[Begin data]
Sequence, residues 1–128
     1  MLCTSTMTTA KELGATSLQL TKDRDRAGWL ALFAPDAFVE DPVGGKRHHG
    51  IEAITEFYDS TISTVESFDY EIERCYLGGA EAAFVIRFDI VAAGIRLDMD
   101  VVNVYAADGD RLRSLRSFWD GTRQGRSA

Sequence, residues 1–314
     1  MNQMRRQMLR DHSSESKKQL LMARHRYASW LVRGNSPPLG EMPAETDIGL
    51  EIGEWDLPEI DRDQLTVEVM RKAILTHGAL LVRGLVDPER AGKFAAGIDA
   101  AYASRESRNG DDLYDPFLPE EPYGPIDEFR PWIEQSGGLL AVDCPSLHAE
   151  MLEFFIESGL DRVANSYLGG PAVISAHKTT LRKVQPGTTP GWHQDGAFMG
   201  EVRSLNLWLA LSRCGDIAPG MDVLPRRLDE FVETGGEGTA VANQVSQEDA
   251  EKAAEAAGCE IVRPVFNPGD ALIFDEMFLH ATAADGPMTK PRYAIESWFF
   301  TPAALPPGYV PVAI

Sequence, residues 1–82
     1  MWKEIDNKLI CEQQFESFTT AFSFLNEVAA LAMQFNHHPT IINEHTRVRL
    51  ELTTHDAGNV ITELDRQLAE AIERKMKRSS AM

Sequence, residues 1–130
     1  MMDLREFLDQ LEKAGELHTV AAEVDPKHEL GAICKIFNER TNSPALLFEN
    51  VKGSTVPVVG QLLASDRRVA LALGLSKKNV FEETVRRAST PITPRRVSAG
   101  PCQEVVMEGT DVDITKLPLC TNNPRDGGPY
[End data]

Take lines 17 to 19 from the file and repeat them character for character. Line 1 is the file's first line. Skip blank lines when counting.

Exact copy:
     1  MMDLREFLDQ LEKAGELHTV AAEVDPKHEL GAICKIFNER TNSPALLFEN
    51  VKGSTVPVVG QLLASDRRVA LALGLSKKNV FEETVRRAST PITPRRVSAG
   101  PCQEVVMEGT DVDITKLPLC TNNPRDGGPY